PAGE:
YOU ARE HERE: LAT HomeCollections


A Good Day to Scare Up Support

Visiting a junkyard on Halloween, the governor rallies for approval of Prop. 76 by invoking the specter of the 'car tax.'

November 01, 2005|Ashley Powers | Times Staff Writer

With Halloween theatrics, Gov. Arnold Schwarzenegger appeared at an Ontario junkyard Monday with a staffer dressed as "Count Cartaxula," who threatened to raise the state vehicle license fee from the dead if voters didn't approve Proposition 76 in next week's special election.

The governor rallied 50 to 70 supporters and costumed children to back his proposal to impose state spending limits. He spoke from a black stage draped with green and white cobwebs and pumpkins, including one carved with "YES" and another with "76."

Schwarzenegger said the four propositions he backs in the Nov. 8 election are gaining momentum. "The more people find out about it, the more they vote 'yes' on it," he said.

"Yes, the opposition is screaming; yes, the opposition is holding on to the status quo, and yes, they are scaring the people and telling them all kinds of horror stories about how we'd like to cut education and how we're trying to go after unions and after workers," the governor said. "But this is all a bunch of nonsense."

Schwarzenegger's first act after taking office in the fall of 2003 was to roll back former Gov. Gray Davis' $4-billion increase in the so-called car tax, an action widely popular with voters even in the face of a persistent state budget shortfall.

The governor has steadfastly refused to raise taxes since -- and the Democratic majority in the Legislature has balked at further spending cuts -- but he has begun to suggest that he might be forced to reverse course if Proposition 76 went down. Recent voter polls show the measure losing 2 to 1.

"The governor is now in sheer panic mode," said Steve Maviglio, spokesman for the Alliance for a Better California, which opposes Proposition 76 and the rest of Schwarzenegger's propositions.

"Perhaps if the governor stopped campaigning for five minutes and started governing," Maviglio said, "he would know that there have been no attempts to revive the [car] tax.... It's also important to remember that no tax increase can go into law without the support of two-thirds of the Legislature and the governor's signature."

Earlier Monday, a group including the political action committee said it would begin a television ad campaign today linking Schwarzenegger's policies with those of President Bush.

The Ontario event was light in substance but heavy on staging. Two skeletons and a pack of faux rats were parked in a Ford Escort next to the stage, whose other end was flanked by hundreds of beat-up cars in the Pick-A-Part junkyard. Speakers blasted "Ride of the Valkyries."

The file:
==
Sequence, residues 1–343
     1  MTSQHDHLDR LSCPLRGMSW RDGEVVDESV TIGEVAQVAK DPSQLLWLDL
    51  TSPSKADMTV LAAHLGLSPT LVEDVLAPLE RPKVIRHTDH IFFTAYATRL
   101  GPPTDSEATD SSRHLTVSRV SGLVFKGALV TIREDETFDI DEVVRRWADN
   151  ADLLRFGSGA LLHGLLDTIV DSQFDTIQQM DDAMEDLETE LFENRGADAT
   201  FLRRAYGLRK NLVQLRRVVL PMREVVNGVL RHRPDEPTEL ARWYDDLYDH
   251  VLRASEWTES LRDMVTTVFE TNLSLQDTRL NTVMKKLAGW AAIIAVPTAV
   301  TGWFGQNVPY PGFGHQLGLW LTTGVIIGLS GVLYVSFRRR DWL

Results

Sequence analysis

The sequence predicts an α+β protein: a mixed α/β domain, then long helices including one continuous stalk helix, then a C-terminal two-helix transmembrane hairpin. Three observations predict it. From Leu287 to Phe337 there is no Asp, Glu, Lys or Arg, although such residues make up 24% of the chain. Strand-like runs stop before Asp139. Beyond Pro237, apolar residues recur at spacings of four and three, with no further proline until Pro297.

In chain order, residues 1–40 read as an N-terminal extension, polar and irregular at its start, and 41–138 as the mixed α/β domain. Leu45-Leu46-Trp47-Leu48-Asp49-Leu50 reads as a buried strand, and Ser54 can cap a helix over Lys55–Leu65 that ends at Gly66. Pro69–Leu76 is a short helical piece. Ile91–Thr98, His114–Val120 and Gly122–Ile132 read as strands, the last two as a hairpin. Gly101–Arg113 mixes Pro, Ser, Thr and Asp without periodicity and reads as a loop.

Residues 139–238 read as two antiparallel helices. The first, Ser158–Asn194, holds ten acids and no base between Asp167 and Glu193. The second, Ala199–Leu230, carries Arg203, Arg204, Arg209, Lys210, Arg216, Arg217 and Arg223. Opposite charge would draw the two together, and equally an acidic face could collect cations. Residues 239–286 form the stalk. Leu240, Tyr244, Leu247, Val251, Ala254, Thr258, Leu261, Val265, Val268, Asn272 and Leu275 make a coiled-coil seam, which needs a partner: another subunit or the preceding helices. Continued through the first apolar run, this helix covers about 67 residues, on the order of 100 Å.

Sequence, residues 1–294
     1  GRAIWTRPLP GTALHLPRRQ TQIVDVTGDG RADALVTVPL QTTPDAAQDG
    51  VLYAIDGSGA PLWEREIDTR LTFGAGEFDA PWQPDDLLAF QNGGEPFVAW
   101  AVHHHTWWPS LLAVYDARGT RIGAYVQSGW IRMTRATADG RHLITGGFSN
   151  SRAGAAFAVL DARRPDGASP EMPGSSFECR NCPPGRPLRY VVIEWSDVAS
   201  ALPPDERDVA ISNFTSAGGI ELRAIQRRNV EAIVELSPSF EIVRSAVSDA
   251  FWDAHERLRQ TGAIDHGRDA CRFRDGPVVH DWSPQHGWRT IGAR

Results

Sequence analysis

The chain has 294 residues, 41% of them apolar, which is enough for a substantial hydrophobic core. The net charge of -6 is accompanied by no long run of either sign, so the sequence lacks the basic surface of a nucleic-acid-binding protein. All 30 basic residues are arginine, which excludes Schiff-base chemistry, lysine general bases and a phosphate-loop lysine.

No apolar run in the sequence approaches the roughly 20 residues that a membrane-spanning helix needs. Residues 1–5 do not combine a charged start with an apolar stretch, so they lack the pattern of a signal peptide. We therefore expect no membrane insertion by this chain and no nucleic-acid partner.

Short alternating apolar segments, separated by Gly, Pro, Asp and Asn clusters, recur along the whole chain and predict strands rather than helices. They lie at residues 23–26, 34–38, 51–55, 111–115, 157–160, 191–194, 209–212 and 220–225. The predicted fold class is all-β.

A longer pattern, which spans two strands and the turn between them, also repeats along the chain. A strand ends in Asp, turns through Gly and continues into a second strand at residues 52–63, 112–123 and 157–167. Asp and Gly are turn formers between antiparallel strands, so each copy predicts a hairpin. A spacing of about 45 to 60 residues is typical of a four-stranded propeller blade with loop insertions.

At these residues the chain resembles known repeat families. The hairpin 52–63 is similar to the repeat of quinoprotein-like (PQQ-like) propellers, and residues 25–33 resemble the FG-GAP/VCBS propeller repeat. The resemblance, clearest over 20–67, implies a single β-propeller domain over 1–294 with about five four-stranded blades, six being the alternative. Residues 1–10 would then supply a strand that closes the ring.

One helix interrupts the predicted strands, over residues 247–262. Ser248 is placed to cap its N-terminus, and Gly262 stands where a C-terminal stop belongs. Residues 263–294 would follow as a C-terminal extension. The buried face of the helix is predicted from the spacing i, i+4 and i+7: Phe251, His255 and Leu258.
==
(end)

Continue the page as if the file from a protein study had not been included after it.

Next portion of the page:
Walter von Huene, who has appeared with Schwarzenegger in the films "Terminator 3: Rise of the Machines" and "End of Days," emerged in a Dracula cape, face painted white, as Larry McCarthy, president of the California Taxpayers Assn., said that Proposition 76 is "the thing most feared by Cartaxulas in Sacramento."

A black curtain opened to reveal a giant mock gravestone that read "CAR TAX RIP 2003." As the governor entered, a 1957 black Ford Fairlane with a skeleton as its driver -- symbolizing the car tax, raised from the grave -- was hoisted above the stage.

"Kids, did the car scare you, huh? We're all scared of the car tax," Schwarzenegger said to laughter.

A handful of protesters clustered near Pick-A-Part's driveway, one wearing an Arnold mask with a Pinocchio nose and others carrying signs that read: "Arnold Scares Me."

"He's scary because of what he's doing to California," said Jennifer Lee, a 26-year-old student at UC Irvine. "You can't fake it to the public. We're not star-struck."

The governor spoke for 10 minutes, leading supporters in "Yes to 76" chants and saying that the wrecking-yard setting was appropriate.

Entrenched Sacramento politicians "wrecked the state of California," he said. "It was unbelievable. The people finally said we're mad as hell, we're not going to take it anymore, and you organized a recall election and you sent me to Sacramento."

But, Schwarzenegger said, "when you recalled the governor, you didn't recall the broken system."

He said the only way to do so was to cap spending.

"Let's stop that madness. Let us live within our means. For every dollar we take in, we should only spend a dollar, not $1.10," he said.

Afterward, Schwarzenegger hugged children dressed as a bumblebee, Darth Vader and a dinosaur, and passed out chocolates wrapped in gold paper and stamped with "Yes on 76." He said he planned to take his own children trick-or-treating later, and that his wife, Maria Shriver, had left the house that morning dressed as a pirate.

The bumblebee's mother, Sharon Neault, 36, of Rancho Cucamonga, said she supported the governor because "it's important that you don't spend what you don't have -- that's how we run our house."

Her 21-month-old daughter, Brenna, interrupted to ask: "Where Arnold?"

"What did he give you?" her mother asked.

"Candy," the girl said.

Tracy Elefante, 40, had brought her 8-year-old son, Vincent, who was dressed as the Terminator but intended to change into a Freddy Krueger costume. His mother said she backed Schwarzenegger.

"I believe in him," she said. "I believe he's doing the right thing for the people. I believe him, and there's a lot of politicians I don't believe."

Times staff writer Evan Halper contributed to his report from Sacramento.

Los Angeles Times Articles